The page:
A negotiated settlement with Tigers even if it means giving into demands for troop pullback and accepting the ISGA as a basis of discussion and framework of settlement. This is the preference of the TNA, some elements of the international community (probably Norway), some sections of the UNP, the Southern peacenik NGO lobby, the Christian church hierarchs (not their flock, as evidence by voting patterns). If this were authentically a path to peace, the Tigers would not suspended talks in April 2003, boycotted Tokyo, resiled from the Oslo formulation on federalism and stopped the Tamils from voting for Ranil Wickremesinghe. Furthermore, this option runs up against majority opinion and the military balance of forces on the ground.

No negotiations with the Tigers unless they lay down arms, no CFA, no Norwegian facilitation, no SLMM, no autonomy/devolution. Simply de-merge and prosecute the war. This is the JVP-JHU position and may be the wet dream of all Sinhala hardliners (not even a quarter of the populace according to the latest opinion survey), but the Tigers are not going to lay down arms and no one in the world economy will bankroll a ‘double zero’ option: zero devolution-zero negotiation. It’s a non-option. We’ll be caught in a cash crunch, our economy will start to scream and the military offensive will grind to a halt.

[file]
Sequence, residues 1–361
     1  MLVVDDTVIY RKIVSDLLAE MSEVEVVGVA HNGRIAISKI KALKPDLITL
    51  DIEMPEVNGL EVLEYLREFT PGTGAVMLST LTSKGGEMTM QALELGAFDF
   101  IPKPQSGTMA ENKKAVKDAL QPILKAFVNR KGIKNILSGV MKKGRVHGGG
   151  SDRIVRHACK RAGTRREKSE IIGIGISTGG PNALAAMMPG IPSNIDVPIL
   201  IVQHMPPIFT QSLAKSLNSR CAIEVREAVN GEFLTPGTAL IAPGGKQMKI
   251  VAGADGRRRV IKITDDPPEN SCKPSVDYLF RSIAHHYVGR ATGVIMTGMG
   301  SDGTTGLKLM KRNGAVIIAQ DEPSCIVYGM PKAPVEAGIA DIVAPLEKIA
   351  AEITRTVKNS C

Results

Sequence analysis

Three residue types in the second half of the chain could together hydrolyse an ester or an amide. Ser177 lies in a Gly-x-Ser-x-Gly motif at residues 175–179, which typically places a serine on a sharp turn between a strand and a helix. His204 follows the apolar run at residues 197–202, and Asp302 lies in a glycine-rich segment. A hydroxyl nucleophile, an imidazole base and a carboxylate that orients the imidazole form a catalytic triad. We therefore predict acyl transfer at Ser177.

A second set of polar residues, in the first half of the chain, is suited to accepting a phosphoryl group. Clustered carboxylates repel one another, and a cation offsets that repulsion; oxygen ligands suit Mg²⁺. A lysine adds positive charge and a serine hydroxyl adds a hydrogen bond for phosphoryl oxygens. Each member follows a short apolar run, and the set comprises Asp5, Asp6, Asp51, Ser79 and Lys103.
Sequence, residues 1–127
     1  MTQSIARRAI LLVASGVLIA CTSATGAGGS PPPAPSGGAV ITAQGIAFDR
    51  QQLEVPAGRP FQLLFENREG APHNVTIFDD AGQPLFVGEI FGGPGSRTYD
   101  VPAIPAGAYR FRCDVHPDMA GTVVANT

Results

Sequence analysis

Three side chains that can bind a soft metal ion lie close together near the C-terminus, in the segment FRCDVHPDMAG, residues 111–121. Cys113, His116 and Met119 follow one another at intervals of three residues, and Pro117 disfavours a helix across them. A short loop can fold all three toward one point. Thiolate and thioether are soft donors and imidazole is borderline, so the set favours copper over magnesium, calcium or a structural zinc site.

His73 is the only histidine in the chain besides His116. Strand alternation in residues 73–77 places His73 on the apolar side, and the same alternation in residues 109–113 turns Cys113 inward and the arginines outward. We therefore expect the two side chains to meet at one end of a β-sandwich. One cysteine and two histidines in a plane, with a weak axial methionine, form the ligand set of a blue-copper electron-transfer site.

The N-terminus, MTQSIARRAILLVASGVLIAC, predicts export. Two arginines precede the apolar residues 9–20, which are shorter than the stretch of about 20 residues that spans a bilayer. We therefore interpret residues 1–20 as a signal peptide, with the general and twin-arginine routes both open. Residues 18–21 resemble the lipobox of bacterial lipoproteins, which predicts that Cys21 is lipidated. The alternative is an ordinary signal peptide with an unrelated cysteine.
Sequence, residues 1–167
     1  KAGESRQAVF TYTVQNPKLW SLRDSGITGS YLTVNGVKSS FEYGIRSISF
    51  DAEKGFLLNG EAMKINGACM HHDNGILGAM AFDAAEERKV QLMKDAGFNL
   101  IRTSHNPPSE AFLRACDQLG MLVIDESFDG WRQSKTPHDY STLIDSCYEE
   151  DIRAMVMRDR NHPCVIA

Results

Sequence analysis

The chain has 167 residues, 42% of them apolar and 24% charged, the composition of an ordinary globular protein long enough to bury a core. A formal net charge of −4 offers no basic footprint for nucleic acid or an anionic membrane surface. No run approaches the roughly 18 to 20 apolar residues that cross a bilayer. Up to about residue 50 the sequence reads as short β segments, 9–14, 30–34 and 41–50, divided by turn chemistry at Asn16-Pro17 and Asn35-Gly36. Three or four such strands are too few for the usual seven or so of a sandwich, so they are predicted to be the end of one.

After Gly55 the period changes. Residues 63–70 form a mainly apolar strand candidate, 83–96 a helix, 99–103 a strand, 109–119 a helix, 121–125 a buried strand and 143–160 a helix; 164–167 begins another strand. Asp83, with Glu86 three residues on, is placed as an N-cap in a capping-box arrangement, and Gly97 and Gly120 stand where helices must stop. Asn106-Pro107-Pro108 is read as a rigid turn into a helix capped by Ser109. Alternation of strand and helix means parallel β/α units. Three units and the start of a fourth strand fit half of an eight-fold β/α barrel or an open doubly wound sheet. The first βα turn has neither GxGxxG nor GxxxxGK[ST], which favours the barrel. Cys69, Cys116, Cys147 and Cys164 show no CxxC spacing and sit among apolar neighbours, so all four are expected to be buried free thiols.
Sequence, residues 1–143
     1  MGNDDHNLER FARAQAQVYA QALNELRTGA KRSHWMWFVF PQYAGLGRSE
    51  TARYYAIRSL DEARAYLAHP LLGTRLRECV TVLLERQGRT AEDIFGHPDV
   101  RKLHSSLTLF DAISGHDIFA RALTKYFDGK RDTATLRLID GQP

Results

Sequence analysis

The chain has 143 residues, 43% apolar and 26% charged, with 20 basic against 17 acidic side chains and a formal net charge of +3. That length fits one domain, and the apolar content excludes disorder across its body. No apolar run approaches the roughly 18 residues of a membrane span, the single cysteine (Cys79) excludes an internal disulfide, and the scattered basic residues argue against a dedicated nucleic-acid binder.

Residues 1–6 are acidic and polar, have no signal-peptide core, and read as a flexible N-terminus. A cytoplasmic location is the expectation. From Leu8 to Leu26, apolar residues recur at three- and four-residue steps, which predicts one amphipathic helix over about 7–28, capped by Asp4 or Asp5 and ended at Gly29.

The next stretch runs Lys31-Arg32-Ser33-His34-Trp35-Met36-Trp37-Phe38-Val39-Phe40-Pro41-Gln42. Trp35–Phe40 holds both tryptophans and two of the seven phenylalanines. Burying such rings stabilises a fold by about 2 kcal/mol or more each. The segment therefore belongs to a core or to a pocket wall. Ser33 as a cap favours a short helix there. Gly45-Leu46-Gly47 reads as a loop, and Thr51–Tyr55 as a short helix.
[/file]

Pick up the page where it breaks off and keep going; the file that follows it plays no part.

No negotiations with the Tigers, or talks from strength, with stiff conditions and while keeping on fighting; generous devolution to the Tamils. The world community and neighbour India will probably not feel compelled to obstruct this course of action. This is the sole option that will give our armed forces the space to break the LTTE machine.

Parameters of the Political

The new survey conducted by the Marga Institute on behalf of the National Peace Council provides an invaluable guideline for Sri Lanka’s politicians and intellectuals engaged in a three tiered effort to find a solution for Sri Lanka’s decades-long ethnic problem. I refer to those in the bipartisan (SLFP-UNP) talks, the all parties Representatives Committee (the ‘experts group’) and the larger all parties’ conference.

Public opinion once again confirms that even in wartime, the Sri Lankan people are moderate, centrist and flexible. The extremes have been eschewed, both of pure militarism and warmongering on the one hand and appeasement and excessive autonomy on the other.

Only 21% are full-blooded hawks, standing for full scale war as a solution. This cannot but hearten the peaceniks, but is nonetheless a positive feature. Only the LTTE, or rather its leadership, seem to stand for all out war as a solution to the problem!

A majority prefer a negotiated settlement on the basis of an amended ceasefire agreement, a stronger role for the international community and reinforced international monitoring, and an interim or permanent settlement for maximum devolution short of federalism.